Peer Recognition | Peer to Peer Recognition in the Workplace

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Spread the Love: Encourage Peer Recognition in the Workplace

3 min

For a company, peer recognition in the workplace can be an effective way to both encourage behaviors that shape culture and to identify people who are higher performers or who have greater influence across the organization. At an individual level, feeling valued or that our contributions matter is a basic, human emotional need and is especially important at work.

Employees who feel valued at the office are more open to collaboration and more likely to stick around and work harder, increasing the productivity of the entire team. Given these benefits, it’s no wonder roughly 81 percent of organizations report having an employee recognition program, but less than half of them have a peer-to-peer recognition component.

Related Interview: One industry expert weighs in on the changing landscape of recognition

In today’s work environment, employees are more likely to work directly with their peers than with managers. So, if a company’s recognition program operates solely from the top down, opportunities to celebrate and recognize the best behaviors could be lost simply because the right person is not in the room.

Positive Peer Pressure

Empowering employees to recognize one another allows for more frequent, informal—and we would argue more valuable—positive feedback. Peer-to-peer recognition strengthens the bonds between individuals and cultivates team relatedness, which are key elements of strong human relationships and an engaged, highly productive workforce.

The most successful recognition programs incorporate the following aspects:

1. They recognize what’s important to both the company and its employees.

Giving everyone the ability to give and receive recognition is critical, but it’s often overlooked. These programs should be inclusive and customized to each company so departments, teams, and individuals can create behaviors to champion, as well as their own categories to recognize. Incorporating both company-wide macro-recognition and micro-recognition allows for a more cohesive and effective approach.

2. They are easy to access.

Almost half of the U.S. workforce works from home at least part of the time, and many more work in small, remote offices. A digital recognition program that is easily accessible from a mobile device and a website is more inclusive of both the remote and traditional employee.

3. They are simple to use.

Recognition programs that are delivered through an experience that is intuitive and easy to use—for both the administrator and the employee—increases the participation and improves the results. Having complex submission or approval processes decreases participation and employee buy-in because they reduce recognition to a nomination. Simplicity of use and a transparent process are key.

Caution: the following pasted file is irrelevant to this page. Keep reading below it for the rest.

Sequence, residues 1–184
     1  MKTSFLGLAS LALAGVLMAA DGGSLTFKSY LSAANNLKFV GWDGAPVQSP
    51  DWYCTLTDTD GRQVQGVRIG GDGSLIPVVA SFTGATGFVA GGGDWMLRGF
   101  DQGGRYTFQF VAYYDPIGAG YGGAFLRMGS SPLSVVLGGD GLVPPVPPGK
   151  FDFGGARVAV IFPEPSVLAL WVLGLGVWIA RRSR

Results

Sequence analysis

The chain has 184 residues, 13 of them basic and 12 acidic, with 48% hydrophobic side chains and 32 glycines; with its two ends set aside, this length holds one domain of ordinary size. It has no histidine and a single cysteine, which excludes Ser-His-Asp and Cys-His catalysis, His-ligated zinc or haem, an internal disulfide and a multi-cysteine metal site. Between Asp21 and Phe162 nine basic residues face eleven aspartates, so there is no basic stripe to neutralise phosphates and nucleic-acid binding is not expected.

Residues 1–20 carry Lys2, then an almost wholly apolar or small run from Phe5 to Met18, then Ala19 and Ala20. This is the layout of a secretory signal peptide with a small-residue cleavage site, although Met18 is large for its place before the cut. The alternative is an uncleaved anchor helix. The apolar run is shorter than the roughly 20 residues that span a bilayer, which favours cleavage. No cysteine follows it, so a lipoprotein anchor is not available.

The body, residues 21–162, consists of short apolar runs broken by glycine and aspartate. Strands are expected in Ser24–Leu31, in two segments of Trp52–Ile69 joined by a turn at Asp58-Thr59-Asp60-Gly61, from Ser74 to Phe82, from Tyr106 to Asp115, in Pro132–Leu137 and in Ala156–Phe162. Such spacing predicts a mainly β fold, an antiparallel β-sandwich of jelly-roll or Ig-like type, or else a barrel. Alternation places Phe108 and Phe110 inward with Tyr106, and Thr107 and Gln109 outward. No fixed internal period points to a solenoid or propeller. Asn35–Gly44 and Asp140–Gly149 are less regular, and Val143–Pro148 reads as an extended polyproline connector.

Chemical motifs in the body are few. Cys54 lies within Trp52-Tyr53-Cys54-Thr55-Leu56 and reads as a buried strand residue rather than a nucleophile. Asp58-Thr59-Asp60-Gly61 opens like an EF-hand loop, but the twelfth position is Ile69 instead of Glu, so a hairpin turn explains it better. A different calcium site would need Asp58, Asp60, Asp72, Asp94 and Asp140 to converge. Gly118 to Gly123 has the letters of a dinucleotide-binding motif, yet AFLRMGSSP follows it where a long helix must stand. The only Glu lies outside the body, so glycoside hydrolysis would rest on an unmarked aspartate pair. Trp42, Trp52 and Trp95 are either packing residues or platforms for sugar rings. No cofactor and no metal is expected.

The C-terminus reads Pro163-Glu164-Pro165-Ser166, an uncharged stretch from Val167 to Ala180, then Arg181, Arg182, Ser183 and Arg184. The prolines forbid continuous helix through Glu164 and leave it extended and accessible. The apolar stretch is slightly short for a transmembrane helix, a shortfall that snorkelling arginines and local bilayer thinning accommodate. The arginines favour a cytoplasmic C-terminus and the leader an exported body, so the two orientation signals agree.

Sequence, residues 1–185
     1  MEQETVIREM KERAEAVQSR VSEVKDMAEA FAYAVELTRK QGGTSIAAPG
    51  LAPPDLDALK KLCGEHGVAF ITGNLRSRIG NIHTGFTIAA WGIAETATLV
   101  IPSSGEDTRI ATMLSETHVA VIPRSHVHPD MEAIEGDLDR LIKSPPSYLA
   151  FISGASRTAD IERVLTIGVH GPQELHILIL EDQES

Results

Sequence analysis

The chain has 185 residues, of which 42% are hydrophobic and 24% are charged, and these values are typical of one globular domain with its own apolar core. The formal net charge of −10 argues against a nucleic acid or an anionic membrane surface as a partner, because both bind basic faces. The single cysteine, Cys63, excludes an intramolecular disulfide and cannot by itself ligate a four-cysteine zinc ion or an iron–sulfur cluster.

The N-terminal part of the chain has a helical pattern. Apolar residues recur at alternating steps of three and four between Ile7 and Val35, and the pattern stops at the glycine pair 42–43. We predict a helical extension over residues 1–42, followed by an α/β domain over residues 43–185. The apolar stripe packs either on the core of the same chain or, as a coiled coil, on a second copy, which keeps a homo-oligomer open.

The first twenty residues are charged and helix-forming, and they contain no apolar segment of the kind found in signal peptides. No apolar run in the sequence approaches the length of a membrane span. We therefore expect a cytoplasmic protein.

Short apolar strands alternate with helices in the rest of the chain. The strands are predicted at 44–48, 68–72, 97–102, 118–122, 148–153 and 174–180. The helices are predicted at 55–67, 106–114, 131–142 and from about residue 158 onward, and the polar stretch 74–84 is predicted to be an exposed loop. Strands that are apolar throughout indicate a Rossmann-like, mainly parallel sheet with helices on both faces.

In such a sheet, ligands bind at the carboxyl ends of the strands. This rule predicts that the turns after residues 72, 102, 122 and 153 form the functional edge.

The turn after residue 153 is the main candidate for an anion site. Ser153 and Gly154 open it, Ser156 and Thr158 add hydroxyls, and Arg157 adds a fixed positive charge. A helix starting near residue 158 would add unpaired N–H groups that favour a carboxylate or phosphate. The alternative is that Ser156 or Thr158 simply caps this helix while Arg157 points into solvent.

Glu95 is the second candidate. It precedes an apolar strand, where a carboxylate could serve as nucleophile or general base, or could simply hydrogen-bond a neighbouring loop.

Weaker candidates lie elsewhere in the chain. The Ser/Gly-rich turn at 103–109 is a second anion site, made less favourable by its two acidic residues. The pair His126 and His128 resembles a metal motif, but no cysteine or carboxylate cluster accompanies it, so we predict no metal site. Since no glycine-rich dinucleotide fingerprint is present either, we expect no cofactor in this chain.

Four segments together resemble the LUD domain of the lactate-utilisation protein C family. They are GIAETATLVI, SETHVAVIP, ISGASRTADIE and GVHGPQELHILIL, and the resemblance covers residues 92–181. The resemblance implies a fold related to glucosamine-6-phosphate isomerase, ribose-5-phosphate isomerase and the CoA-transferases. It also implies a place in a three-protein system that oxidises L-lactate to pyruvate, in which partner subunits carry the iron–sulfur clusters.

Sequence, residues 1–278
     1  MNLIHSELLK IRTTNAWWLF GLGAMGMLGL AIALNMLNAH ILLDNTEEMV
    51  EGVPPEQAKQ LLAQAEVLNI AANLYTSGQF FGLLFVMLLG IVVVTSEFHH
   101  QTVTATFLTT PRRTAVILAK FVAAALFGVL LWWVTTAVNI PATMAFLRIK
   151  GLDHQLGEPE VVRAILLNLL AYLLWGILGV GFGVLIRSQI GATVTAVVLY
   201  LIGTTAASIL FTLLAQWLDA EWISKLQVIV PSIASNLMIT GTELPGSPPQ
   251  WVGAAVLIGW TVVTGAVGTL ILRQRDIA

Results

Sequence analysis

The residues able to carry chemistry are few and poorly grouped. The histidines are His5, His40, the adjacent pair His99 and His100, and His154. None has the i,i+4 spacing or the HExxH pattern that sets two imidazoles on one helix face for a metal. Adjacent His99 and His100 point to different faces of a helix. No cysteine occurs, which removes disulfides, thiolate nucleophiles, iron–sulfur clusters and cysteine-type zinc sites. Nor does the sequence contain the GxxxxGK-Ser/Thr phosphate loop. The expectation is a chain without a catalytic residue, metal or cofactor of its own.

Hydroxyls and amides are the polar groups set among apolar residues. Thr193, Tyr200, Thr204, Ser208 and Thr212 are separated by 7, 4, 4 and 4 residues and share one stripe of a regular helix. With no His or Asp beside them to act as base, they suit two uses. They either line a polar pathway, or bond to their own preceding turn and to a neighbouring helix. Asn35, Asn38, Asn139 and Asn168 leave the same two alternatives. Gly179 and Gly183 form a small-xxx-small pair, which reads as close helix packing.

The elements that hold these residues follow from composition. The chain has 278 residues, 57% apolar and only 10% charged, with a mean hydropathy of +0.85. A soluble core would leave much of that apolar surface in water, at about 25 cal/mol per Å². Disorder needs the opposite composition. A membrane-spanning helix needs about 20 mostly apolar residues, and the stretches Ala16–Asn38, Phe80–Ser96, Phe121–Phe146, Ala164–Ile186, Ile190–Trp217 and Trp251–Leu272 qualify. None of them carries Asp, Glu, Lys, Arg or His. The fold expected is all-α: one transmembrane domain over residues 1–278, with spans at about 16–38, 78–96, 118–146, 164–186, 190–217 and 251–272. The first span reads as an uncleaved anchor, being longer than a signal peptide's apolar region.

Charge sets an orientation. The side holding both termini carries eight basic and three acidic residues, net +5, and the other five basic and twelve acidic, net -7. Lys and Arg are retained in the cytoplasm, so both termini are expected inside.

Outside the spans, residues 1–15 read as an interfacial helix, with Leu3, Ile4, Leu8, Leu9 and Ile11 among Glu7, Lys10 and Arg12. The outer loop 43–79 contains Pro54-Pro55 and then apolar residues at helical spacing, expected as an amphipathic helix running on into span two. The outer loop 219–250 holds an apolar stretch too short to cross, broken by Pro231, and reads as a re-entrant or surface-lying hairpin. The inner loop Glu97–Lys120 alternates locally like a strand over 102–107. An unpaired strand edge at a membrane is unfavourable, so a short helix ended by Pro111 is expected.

4. They incorporate gaming elements but don’t rely on incentives.

Recognition initiatives can be “gamified” to encourage engagement and make it a little more fun. If shaping culture and promoting desired behaviors are the goals, creating leaderboards (virtual or real) or adding a points system can be a great way to keep people engaged on a more frequent basis.

Don’t make it all about prizes and money, though. Too often, recognition is tied into incentive programs that encourage people to participate for a material or financial reward. This can make the program more about going through the motions for personal gain than about the recognition itself.

5. They enable frequent, real-time peer recognition.

Recognition that is almost immediately tied to a desired behavior or action will have a greater impact. To be truly effective, recognition must be received early and often—not just during a quarterly or year-end review. When both managers and peers are able to recognize individual efforts in a meaningful, transparent way every day, team members can clearly see what kinds of efforts are being praised. This helps reinforce those behaviors and provides motivation for employees to continue making a positive impact.

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The social aspect of real-time, virtual recognition also holds deep appeal for millennials, who already spend a great deal of time on social media platforms and tend to prefer these methods of communication.

The value of peer-to-peer recognition extends well beyond the fun of giving each other high-fives in cyberspace for a job well done. Employees who recognize one another’s accomplishments feel more appreciated, valued, and integral to the team. Consequently, they’ll come to work feeling excited and eager to work together, thus promoting behaviors that shape a culture of collaboration from within. 

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